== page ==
TRI to keep it WILD - Raising funds for Nature Conservancy of Canada

Sunday, June 28, 2009


June 28, 2009. She's done. Its 95 degrees F today. A hot day for working, but worth it as I finished Thistle today. All that was left to do was install the seats and thwart and take some photos. Now I'm sitting on the back patio with a beer. ahhh. Its a bit unbelievable to me that I am done building. It was hard to imagine ever finishing at times. Now I'm just looking forward to getting up on a mountain lake. Lots of people helped me out along the way. Thanks to John Mould for lending me so many tools - sometimes for months at a time. Thanks to Andy Orsini without whose help I never would have been able to machine the red cedar strips from full boards or cut the gunwales. Thanks to our great (former) neighbours, Ben and Nicole, who never complained once about me taking over our shared garage. I really wanted to finish before they left, but I missed by a week. At least they only moved a few doors down! Thanks to my parents for getting me started with gift certificates to Home Depot. And most importantly thanks to Tracy for letting me disappear for hours into the garage for a year and half and also for helping me with the worst tasks (epoxying).
So after taking a lot of photos we conducted the inaugural weigh-in. And she weighs .... 55 lbs! A little heavier than my initial goal of 50 lbs, but really not too bad. I think I can portage her for a kilometre perhaps. I was afraid she'd be over 60 lbs near the end.
It will be a couple weeks before we get her in the water as we're heading home to Ontario for the long weekend coming up. I think the launch party will be the weekend after.
So, thats it. Welcome to Doneville, population me.

Saturday, June 27, 2009

Penultimate Update

Varnishing is the least enjoyable process in the canoe build, but produces the most satisfaction. It is a constant battle against the forces of dust, fumes and drips. Dust is everywhere and I became obsessive about removing every last speck. That is a difficult thing to do when working in the garage of an old house, especially while Ben and Nicole (the other half of our duplex) are moving out. I swept and vacuumed repeatedly, including the walls and ceilings and the driveway outside. After sanding coats I would vacuum the hull and wash it with a wet towel and wipe it down with a dry one. Then before a new coat I would wipe it down again and then go over it a couple times with a tack cloth to remove the final specks. While applying a coat I would lower the garage door to about a foot from the ground and stuff plastic sheeting in the cracks between the panels to prevent dust from entering. Even doing this I had to wait until 8pm at night when the wind died down to keep dust from blowing in. Mostly closing the garage door brings up the next evil: fumes. An hour of leaning over the freshly spread varnish for an hour in the closed space could make me loopy in a hurry. I pilfered a desktop fan from work to exhaust air under the garage door for the first coat. Air could flow in over the top. This helped, but I grabbed a second fan from work for the final five coats and the two fans on high prevented me from getting high instead. The last scourge of canoe varnishing is drips or runs in the varnish. I found that the varnish would spread on nicely and evenly with no sign of drips until the coat began to skin over on the surface. Somehow at this stage it could still flow underneath and I'd get these wide sagging drips around the turn of the bilge. By the time these were apparent though, it was too late to do anything about it since the varnish was already half dried. The only way to prevent it was to ensure a thin coat to begin with. The badger hair brush was definitely the nicest brush I have used (it doesn't shed at all), but in the end I found it was easier to get a thin, even coat with the 99 cent foam brushes (and I didn't have to clean them!). Warmer temperatures also seemed to help because the coat would set quicker.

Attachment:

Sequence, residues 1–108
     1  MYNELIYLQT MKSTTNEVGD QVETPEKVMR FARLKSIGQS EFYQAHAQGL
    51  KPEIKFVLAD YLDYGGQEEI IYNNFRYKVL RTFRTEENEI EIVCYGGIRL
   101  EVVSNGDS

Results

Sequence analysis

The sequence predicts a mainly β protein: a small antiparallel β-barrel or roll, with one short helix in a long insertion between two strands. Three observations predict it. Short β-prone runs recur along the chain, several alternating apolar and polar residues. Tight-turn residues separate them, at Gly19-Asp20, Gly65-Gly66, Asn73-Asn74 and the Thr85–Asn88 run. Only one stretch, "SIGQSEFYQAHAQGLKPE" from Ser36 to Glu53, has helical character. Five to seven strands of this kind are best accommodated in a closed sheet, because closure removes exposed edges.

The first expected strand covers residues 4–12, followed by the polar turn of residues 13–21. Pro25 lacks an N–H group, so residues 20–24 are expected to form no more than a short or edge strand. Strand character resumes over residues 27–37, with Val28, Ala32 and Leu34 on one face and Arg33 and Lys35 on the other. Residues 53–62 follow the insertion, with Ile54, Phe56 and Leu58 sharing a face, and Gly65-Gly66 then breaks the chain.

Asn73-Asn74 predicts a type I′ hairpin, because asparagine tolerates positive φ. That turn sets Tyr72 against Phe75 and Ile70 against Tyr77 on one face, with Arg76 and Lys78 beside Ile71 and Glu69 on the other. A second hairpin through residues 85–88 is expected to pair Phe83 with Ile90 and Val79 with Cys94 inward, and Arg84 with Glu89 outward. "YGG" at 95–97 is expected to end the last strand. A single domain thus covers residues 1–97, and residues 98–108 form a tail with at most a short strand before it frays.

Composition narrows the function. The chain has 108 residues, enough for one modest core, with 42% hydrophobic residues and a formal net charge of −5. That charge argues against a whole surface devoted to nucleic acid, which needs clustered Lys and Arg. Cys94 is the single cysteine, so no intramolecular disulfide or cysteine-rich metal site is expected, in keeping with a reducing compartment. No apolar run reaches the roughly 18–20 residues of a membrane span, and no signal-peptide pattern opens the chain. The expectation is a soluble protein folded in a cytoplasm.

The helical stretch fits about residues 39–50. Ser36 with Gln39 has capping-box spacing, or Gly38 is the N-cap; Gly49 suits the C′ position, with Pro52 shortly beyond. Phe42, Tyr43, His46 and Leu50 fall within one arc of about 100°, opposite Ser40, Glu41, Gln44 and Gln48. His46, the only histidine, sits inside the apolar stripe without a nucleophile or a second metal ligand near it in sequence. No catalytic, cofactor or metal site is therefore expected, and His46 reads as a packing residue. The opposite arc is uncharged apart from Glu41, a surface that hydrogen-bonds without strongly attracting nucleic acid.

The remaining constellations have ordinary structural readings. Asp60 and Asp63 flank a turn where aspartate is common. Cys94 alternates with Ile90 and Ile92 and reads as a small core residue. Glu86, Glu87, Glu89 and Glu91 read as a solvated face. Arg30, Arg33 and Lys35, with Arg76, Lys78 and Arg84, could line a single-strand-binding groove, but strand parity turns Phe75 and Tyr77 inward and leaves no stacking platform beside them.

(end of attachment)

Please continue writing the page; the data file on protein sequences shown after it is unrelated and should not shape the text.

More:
Well last night I finished the last of 3 interior coats and 3 exterior coats and I'm glad its over. The results will speak for themselves. Tomorrow I plan to wrap this project up - installing the seats and thwart and taking the victorious final photos! My Mom brought us a bottle of fine Champagne a couple weeks ago and I can't wait to pop the cork.

Tuesday, June 23, 2009

Weird Nature

It's a miracle! I made an exotic plant bloom!
This picture just doesn't do the pink color justice... The flowers are HOTT pink.

Puzzle Carrots!

They come apart and then fit back together.

Tuesday, June 16, 2009

Summer Begins!

Even though the weather has been decidedly un-summer like, school is out so it's officially summer in my book. Just started my summer job through IISME ( at Lockheed Martin Space Systems and a new quilting project. I'm determined to ride my bike to work all summer. So far I'm 1 for 2. It takes about 25 minutes to get there.

Here are some niece and nephew pictures. Juliana was born on June 12th. And we have a nephew on the way too! That will make 4.

Just before that, we had a visit from Scott's mom, sister, and Michael. We spent the weekend in Yosemite and saw some parts we hadn't seen before, including Hetch Hetchy and Mirror Lake. We hadn't been there in the summer before!

O'Shaughnessy Dam holds back the Hetch Hetchy Reservoir.
Mmmmm, our drinking water back in Mountain View comes from here!